The shelters have been targeted for a long time. For many in Afghanistan’s rigorously patriarchal society—not just the Taliban—a woman who is alone or leaves her family is often viewed as a prostitute. Some see shelters for battered women as flimsy disguises for brothels.
However, in the past 15 years, despite the social antagonism towards protection for women, more and more people have started looking for shelter. Often with horrific injuries—broken bones or internal injuries from being severely beaten—women knocked over and over at the unmarked gates or ordinary houses where women’s aid groups brought people in.
Whether those operations will continue is in the hands of the Taliban, who are expected to announce their own laws to regulate women’s behavior. That will leave the former Afghan government’s Elimination of Violence Against Women Act, and other safeguards, on precarious grounds.
For now, Taliban officials have offered assurances that women would be allowed to work and, in some cases, travel without the accompaniment of a male relative — “as permitted under Sharia law,” or Islamic law. Taliban spokesman Zabihullah Mujahid surprised some when he acknowledged, after other Taliban officials urged Afghan women to temporarily stay home for their own safety, that many within Taliban ranks could not be trusted to treat women civilly. , and should be trained .
Understand the Taliban Takeover in Afghanistan
Who are the Taliban? The Taliban emerged in 1994 amid the unrest following the 1989 withdrawal of Soviet troops from Afghanistan. They used brutal public punishment, including flogging, amputations and mass executions, to enforce their rules. Here’s more about their origin story and their track record as rulers.
But the Taliban made similar statements after taking the capital and most of the country in 1996.
“The explanation was that the security was not good and they were waiting for the security to be better, and then women would have more freedom,” said Heather Barr, associate director of women’s rights at Human Rights Watch. “But of course, in those years they were in power, that moment never came — and I can promise you Afghan women who hear this today think it never will this time.”
For Mahbouba, a long-time activist to protect Afghan women, the picture is not yet clear. But she says she’s giving the Taliban the benefit of the doubt for now. She does not argue with their claim that everything must be done according to Sharia, because that is the religion of Afghanistan.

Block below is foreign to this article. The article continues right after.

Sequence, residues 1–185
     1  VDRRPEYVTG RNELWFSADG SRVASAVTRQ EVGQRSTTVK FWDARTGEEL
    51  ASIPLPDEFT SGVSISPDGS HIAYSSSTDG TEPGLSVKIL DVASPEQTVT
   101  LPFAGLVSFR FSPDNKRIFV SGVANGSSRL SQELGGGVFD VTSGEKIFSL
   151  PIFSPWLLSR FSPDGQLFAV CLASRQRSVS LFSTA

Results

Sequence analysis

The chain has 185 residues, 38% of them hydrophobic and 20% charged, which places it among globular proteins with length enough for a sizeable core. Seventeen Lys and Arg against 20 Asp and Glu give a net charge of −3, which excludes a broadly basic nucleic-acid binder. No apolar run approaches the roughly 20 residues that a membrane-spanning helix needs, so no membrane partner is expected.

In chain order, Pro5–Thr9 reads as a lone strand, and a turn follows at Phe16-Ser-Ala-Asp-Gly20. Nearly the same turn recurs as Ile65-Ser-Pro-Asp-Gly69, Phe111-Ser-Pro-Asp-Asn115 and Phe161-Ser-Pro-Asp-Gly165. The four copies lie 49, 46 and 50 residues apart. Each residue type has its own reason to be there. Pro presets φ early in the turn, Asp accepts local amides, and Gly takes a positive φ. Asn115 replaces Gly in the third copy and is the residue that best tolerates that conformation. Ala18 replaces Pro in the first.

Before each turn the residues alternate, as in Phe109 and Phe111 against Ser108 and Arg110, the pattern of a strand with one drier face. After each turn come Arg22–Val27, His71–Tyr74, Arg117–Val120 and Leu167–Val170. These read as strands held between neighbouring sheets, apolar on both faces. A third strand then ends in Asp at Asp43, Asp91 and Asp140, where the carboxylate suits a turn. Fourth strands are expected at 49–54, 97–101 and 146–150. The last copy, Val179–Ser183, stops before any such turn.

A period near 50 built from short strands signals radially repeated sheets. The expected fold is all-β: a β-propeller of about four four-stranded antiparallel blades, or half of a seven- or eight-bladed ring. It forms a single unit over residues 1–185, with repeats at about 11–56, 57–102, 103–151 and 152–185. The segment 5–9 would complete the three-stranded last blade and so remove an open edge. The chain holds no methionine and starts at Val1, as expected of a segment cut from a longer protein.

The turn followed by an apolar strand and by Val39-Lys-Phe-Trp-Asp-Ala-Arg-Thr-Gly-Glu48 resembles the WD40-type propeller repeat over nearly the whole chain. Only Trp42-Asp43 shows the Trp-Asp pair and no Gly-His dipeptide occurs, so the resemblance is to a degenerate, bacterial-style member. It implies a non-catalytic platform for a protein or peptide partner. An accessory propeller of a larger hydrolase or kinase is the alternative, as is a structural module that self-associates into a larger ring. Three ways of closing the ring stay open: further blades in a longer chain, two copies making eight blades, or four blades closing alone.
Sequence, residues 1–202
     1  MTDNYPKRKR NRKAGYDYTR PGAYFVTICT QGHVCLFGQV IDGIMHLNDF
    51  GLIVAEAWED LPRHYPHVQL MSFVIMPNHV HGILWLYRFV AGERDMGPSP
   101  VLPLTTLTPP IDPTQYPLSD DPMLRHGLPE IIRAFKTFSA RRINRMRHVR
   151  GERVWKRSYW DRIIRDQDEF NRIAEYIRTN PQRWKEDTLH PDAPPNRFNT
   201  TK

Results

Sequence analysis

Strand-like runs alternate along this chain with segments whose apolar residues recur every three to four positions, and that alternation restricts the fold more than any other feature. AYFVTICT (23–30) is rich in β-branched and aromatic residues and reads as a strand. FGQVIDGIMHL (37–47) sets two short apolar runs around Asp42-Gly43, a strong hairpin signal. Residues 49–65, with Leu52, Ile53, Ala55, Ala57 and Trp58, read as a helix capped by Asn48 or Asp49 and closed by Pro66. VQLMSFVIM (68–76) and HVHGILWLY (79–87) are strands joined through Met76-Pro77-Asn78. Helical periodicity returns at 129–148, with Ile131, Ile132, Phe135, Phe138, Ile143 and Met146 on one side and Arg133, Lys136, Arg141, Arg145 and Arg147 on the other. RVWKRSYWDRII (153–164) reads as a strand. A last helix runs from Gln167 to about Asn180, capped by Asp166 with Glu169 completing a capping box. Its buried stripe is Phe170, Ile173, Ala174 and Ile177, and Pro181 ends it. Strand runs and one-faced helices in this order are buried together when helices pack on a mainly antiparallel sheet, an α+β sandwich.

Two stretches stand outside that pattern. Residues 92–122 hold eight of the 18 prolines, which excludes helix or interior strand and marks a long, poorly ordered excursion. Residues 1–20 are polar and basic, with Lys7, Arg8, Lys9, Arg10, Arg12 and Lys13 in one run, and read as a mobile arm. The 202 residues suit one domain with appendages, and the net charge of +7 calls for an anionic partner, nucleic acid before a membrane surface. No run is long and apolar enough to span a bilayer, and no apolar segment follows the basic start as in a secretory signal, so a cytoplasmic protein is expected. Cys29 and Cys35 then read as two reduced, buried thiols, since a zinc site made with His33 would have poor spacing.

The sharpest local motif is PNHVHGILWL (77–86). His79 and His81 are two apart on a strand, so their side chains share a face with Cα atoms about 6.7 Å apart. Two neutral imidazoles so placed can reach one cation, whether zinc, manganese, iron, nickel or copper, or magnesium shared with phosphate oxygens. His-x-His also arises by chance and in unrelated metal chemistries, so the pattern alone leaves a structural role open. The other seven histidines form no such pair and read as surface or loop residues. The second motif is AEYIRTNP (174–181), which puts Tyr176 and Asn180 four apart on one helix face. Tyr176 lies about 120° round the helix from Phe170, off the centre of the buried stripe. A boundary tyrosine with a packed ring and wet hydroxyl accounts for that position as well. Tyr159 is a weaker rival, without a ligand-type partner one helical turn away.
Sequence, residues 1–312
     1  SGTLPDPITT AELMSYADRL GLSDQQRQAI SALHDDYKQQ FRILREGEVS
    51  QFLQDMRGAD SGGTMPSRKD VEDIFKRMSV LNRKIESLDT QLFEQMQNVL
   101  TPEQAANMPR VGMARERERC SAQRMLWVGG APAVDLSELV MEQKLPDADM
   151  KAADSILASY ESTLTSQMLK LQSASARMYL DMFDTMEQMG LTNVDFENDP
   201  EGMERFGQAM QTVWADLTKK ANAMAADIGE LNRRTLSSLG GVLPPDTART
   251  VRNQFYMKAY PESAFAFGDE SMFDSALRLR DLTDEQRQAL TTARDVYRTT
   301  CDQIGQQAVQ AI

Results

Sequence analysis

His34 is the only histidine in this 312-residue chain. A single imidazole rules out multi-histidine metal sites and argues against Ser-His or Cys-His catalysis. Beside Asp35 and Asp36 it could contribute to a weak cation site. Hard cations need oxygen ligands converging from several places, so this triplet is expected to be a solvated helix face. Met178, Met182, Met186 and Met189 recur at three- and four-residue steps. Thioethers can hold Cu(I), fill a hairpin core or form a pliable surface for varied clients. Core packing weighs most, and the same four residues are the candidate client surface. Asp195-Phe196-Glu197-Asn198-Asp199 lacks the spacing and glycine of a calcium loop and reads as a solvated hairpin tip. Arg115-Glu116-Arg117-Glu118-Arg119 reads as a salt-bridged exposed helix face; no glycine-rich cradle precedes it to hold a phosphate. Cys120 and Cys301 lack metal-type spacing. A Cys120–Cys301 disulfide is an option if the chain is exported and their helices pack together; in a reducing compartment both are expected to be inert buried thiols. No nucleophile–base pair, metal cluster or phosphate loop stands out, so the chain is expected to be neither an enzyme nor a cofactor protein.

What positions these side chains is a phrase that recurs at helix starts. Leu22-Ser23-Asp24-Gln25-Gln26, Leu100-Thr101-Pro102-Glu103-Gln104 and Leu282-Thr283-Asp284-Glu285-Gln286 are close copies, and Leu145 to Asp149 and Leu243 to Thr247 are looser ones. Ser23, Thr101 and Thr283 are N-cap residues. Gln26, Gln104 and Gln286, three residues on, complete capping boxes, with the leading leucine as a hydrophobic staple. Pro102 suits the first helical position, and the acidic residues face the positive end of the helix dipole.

But how the Taliban interpret Sharia will also matter, she said.
“We just have to wait and see what happens. The Taliban haven’t really started anything — check in a month, in two months, in six months,” she said.
Mahbouba, whom the Times identifies with only one name to protect her and her organization, oversees a long-established safe house for women. She hasn’t fled or closed her doors, but she keeps a low profile and calibrates what she says to the news media, she said.
When some Taliban recently came to her office and said the women were being held against their will, Mahbouba said she didn’t let them in but went out to talk to them.
They told her they had heard that “some women are being held captive here”. She rejected that and instead said she defended the honor of Afghan women.
“I don’t let them go out on the street to be used and abused by other people; these are the victims of domestic violence,” she recalls. “So instead of running away and letting them go into prostitution, I’ve preserved their honor and protect them.”
The Taliban seemed to accept that explanation, and Mahbouba said she was determined to enter into a dialogue with them.
But she also made a request: Please, she said, “keep watching, and if our world gets messed up and it gets really awful, we can let people know.”
An employee of NewsMadura reported.